SAN DIEGO — Americans lose money to phone scams every year, costing victims nearly $10 billion, according to the HiYa State of Calls report. But for some, the costs go beyond money. Robocallers targeted 82-year-old Marjorie Jones and tricked her out of her life savings.
“My grandmother was targeted and pursued nonstop by a ring of fraudsters,” Angela Stancik testified before the U.S. Senate. “We found, hidden in a closet, several bags full of wire receipts where she had been sending large sums of money overseas."
Stancik says the 10-person ring was based in Costa Rica. Some 1,800 people – including Marjorie Jones – were victims.
“They posed as representatives of the U.S. Security and Exchange Commission and also the FTC,” she said, adding that the ring used call spoofing technology, which tricks people into believing the call is from a specific location.
"The last call I had with her, she was extremely adamant about needing this money," Stancik said. "It cuts me to my core that I didn't stop everything that day and go to her."
Stancik said her grandmother took her own life.
"We also discovered not only did they drain her of all the money it took her a lifetime to save, but that she had taken out a reverse mortgage on her home and she cashed out all of her life insurance," Stancik said. "My grandmother died with $69 in her bank account."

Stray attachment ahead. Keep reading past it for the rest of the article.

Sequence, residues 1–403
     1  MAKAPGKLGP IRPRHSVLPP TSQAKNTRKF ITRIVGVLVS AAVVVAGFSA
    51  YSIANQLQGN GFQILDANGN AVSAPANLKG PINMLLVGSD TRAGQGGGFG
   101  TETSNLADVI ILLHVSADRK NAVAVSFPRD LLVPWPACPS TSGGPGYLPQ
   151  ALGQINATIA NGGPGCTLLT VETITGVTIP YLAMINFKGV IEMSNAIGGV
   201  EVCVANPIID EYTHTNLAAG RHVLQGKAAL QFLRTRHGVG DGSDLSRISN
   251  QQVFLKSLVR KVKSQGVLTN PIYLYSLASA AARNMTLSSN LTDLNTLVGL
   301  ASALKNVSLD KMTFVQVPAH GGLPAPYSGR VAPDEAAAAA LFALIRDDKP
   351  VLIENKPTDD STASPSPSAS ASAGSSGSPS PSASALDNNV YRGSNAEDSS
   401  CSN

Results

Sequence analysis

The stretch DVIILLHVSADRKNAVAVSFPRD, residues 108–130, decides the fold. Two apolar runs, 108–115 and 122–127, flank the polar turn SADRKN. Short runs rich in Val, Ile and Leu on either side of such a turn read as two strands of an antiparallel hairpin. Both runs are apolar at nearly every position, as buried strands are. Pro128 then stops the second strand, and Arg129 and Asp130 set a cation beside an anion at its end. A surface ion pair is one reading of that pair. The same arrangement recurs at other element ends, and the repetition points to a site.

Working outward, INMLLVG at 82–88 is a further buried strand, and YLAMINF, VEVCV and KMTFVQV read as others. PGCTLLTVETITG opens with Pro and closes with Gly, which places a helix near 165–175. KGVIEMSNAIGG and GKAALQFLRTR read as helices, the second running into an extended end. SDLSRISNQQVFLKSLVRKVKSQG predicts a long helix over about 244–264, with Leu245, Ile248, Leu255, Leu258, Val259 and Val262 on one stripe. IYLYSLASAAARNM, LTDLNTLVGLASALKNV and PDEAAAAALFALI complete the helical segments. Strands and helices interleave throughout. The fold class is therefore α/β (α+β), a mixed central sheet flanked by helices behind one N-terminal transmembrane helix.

To see how relentless robocallers can be, you don't even have to leave Southern California. The Federal Trade Commission says Orange County resident Nick Long and his wife ran a robocall company that called millions of numbers on the Do Not Call list. According to documents, their company repeatedly called consumers with the intent of annoying, abusing, or harassing them including one number more than a thousand times in a single year.
“A call soliciting money from people for goods or services is generally going to be illegal if you're on the Do Not Call list unless you gave them permission in writing or you have a pre-existing business relationship,” said Ian Barlow with the Federal Trade Commission.
The Longs were fined $7.6 million, but the government settled for just $264,000 and a promise from the Longs to stop making robocalls. When contacted, Nick Long said his attorney advised him against speaking to the media, but he did say, “I just want people to know that, like, I've been really, really affected by this financially, emotionally. But it's not going to stop me.”
Michael Self, a reformed robocaller, said it’s easy for companies to resurface.
“Quite often, these operators pop back up under different company names using different suppliers, different carriers and they'll just go from on to the next to the next," he said.
Angela Stancik shares Marjorie's story to prevent others from feeling her family's pain. Her advice?
“Reach out to your elderly loved ones. Your grandparents more. Be more involved and get in their business. Check their mail. Check their caller IDs.”
WATCH: Stop the Calls: How do robocalls work?